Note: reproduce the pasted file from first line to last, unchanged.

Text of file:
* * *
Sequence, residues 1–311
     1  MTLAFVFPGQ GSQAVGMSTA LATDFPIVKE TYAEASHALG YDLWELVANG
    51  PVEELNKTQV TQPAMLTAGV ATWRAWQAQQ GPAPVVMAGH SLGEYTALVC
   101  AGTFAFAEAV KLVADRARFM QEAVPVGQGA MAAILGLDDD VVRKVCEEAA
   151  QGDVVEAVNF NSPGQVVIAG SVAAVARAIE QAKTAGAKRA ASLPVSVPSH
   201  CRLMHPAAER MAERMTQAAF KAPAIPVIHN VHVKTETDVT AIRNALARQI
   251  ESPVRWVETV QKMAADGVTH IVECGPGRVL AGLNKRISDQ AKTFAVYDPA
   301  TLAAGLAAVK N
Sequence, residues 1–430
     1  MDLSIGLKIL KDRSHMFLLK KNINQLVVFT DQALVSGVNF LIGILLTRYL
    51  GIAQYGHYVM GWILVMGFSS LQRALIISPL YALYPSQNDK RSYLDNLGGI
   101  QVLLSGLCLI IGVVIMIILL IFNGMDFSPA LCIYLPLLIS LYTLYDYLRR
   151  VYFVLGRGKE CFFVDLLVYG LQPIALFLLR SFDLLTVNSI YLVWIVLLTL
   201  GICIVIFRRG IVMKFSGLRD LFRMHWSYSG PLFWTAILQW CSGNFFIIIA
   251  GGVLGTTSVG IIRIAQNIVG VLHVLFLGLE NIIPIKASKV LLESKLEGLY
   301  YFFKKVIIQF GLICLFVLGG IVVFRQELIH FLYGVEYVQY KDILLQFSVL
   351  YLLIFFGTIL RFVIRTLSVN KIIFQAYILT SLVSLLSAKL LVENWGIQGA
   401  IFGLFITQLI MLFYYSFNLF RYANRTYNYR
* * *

Sequence, residues 1–311
     1  MTLAFVFPGQ GSQAVGMSTA LATDFPIVKE TYAEASHALG YDLWELVANG
    51  PVEELNKTQV TQPAMLTAGV ATWRAWQAQQ GPAPVVMAGH SLGEYTALVC
   101  AGTFAFAEAV KLVADRARFM QEAVPVGQGA MAAILGLDDD VVRKVCEEAA
   151  QGDVVEAVNF NSPGQVVIAG SVAAVARAIE QAKTAGAKRA ASLPVSVPSH
   201  CRLMHPAAER MAERMTQAAF KAPAIPVIHN VHVKTETDVT AIRNALARQI
   251  ESPVRWVETV QKMAADGVTH IVECGPGRVL AGLNKRISDQ AKTFAVYDPA
   301  TLAAGLAAVK N
Sequence, residues 1–430
     1  MDLSIGLKIL KDRSHMFLLK KNINQLVVFT DQALVSGVNF LIGILLTRYL
    51  GIAQYGHYVM GWILVMGFSS LQRALIISPL YALYPSQNDK RSYLDNLGGI
   101  QVLLSGLCLI IGVVIMIILL IFNGMDFSPA LCIYLPLLIS LYTLYDYLRR
   151  VYFVLGRGKE CFFVDLLVYG LQPIALFLLR SFDLLTVNSI YLVWIVLLTL
   201  GICIVIFRRG IVMKFSGLRD LFRMHWSYSG PLFWTAILQW CSGNFFIIIA
   251  GGVLGTTSVG IIRIAQNIVG VLHVLFLGLE NIIPIKASKV LLESKLEGLY
   301  YFFKKVIIQF GLICLFVLGG IVVFRQELIH FLYGVEYVQY KDILLQFSVL
   351  YLLIFFGTIL RFVIRTLSVN KIIFQAYILT SLVSLLSAKL LVENWGIQGA
   401  IFGLFITQLI MLFYYSFNLF RYANRTYNYR